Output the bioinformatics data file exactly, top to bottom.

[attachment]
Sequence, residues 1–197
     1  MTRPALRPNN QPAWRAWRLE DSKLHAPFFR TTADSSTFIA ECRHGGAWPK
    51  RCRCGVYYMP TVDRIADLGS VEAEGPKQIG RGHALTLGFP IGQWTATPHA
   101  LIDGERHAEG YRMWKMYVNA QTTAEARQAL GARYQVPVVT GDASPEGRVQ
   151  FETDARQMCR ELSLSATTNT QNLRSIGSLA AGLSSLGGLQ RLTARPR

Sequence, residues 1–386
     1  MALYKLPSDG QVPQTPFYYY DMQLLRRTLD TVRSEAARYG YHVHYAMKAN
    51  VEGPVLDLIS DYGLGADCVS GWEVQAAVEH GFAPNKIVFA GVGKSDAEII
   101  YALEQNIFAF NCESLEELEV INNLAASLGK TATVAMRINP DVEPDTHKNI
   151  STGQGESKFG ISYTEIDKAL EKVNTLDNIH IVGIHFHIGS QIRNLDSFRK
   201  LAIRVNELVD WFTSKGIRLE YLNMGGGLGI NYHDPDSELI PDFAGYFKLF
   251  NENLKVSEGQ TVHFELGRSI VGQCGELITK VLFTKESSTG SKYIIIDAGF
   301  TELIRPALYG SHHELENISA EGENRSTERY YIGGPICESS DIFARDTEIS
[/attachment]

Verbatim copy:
Sequence, residues 1–197
     1  MTRPALRPNN QPAWRAWRLE DSKLHAPFFR TTADSSTFIA ECRHGGAWPK
    51  RCRCGVYYMP TVDRIADLGS VEAEGPKQIG RGHALTLGFP IGQWTATPHA
   101  LIDGERHAEG YRMWKMYVNA QTTAEARQAL GARYQVPVVT GDASPEGRVQ
   151  FETDARQMCR ELSLSATTNT QNLRSIGSLA AGLSSLGGLQ RLTARPR

Sequence, residues 1–386
     1  MALYKLPSDG QVPQTPFYYY DMQLLRRTLD TVRSEAARYG YHVHYAMKAN
    51  VEGPVLDLIS DYGLGADCVS GWEVQAAVEH GFAPNKIVFA GVGKSDAEII
   101  YALEQNIFAF NCESLEELEV INNLAASLGK TATVAMRINP DVEPDTHKNI
   151  STGQGESKFG ISYTEIDKAL EKVNTLDNIH IVGIHFHIGS QIRNLDSFRK
   201  LAIRVNELVD WFTSKGIRLE YLNMGGGLGI NYHDPDSELI PDFAGYFKLF
   251  NENLKVSEGQ TVHFELGRSI VGQCGELITK VLFTKESSTG SKYIIIDAGF
   301  TELIRPALYG SHHELENISA EGENRSTERY YIGGPICESS DIFARDTEIS